In this week’s New York Times Sunday Book Review‘s brief interview with Jonathan Franzen, Franzen recommends in the “self-help book” category Harriet Lerner’s Dance of Anger, which he says “acknowledges the true difficulty of helping the self.”

I was grateful for the reminder of how much I enjoy Harriet Lerner’s work, from her many books (read excerpts HERE) to her “Dance of Connection” blog at Psychology Today. Her candid sharing of experiences and knowledge are insightful for both our personal lives and the lives we create for fictional characters.

Consider this excerpt from a blog post about how anxiety blocks our thinking and how it may apply to periods of writer’s block or how it might be used to add depth to a nervous protagonist:

“When you’re really anxious, your thinking center may shrink to the size of a pinto bean. It’s obviously hard to feel good about yourself when anxiety disrupts your memory and concentration, leaving you unable to read, write, study, analyze, or take in new information.

I am quite familiar with the experience of anxiety turning the brain to mush. I’ll bring someone along to any important medical appointment because I know that my mind is apt to race, go blank, flood or freeze. Also, my sense of direction, shaky in the best of circumstances, is especially vulnerable to the brain-numbing effects of anxiety.”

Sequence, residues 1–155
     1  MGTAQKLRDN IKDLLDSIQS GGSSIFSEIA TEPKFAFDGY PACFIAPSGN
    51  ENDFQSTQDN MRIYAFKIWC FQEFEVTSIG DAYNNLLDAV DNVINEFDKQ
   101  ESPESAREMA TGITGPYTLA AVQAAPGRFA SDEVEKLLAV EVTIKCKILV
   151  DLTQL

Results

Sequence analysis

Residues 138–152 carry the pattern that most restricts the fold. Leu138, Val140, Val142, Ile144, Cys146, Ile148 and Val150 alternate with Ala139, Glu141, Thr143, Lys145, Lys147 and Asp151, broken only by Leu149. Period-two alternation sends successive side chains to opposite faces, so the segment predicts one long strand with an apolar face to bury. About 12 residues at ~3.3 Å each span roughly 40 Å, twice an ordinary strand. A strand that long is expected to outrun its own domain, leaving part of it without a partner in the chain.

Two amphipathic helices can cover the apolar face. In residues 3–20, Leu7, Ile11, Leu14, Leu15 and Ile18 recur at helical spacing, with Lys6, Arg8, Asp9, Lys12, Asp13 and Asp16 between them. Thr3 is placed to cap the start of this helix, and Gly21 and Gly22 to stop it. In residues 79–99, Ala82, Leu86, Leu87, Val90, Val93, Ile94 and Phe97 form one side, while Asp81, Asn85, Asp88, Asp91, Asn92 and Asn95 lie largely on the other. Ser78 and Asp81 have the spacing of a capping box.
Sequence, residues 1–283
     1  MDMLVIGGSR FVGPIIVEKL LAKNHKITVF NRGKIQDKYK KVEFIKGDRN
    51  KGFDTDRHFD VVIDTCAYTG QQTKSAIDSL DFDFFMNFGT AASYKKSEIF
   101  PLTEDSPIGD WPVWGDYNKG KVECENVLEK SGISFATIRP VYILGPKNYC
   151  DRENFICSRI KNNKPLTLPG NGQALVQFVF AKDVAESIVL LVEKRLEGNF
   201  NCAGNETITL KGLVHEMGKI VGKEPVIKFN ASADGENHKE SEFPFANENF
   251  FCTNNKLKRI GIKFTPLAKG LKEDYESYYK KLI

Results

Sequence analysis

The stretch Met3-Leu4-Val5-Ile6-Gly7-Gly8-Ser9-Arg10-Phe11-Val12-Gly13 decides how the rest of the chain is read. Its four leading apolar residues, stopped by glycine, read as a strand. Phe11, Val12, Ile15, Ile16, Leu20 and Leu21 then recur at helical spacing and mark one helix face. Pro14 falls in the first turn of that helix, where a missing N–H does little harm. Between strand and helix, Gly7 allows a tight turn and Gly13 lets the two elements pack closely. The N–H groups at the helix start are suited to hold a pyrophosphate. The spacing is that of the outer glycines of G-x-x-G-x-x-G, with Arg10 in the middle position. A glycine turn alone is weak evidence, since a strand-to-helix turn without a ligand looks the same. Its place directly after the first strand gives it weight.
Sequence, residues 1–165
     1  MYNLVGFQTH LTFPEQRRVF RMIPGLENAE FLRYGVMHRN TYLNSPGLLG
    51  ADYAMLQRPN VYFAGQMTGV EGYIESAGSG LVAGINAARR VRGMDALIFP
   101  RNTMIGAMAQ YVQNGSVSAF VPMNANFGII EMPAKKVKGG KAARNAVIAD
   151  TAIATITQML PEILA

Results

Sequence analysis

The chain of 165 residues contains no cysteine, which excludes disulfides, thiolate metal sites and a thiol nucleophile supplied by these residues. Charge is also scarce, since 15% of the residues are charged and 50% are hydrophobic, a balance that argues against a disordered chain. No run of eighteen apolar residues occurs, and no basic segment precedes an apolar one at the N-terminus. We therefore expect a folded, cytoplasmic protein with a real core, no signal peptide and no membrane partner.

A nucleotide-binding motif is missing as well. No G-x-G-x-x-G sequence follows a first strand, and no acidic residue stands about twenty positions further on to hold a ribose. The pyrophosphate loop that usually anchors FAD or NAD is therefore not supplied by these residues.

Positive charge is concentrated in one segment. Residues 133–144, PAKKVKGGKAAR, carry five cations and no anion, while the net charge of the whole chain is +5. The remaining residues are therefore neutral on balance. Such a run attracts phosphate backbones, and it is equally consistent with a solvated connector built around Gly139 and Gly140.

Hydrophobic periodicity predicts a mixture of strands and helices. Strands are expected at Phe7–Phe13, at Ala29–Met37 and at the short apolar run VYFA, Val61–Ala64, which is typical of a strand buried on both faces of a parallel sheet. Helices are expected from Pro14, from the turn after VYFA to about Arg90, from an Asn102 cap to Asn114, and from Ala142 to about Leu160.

Dance of AngerOr this on the importance of self-observation from Dance of Anger:

“Sometimes, however, even when we are ready to risk change, we still keep participating in the same old familiar fights that go nowhere. Human nature is such that when we are angry, we tend to become so emotionally reactive to what the other person is doing to us that we lose our ability to observe our own part in the interaction. Self-observation is not at all the same as self-blame, at which some women are experts. Rather, self-observation is the process of seeing the interaction of ourselves and others, and recognizing that the ways other people behave with us has something to do with the way we behave with them. We cannot make another person be different, but when we do something different ourselves, the old dance can no longer continue as usual.”

What self-help or other non-fiction books help you to be a better writer, person, or artist?